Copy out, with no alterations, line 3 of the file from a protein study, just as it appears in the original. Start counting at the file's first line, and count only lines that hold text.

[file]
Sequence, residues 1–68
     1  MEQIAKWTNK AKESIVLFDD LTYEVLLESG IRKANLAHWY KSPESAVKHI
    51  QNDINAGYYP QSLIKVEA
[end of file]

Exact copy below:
    51  QNDINAGYYP QSLIKVEA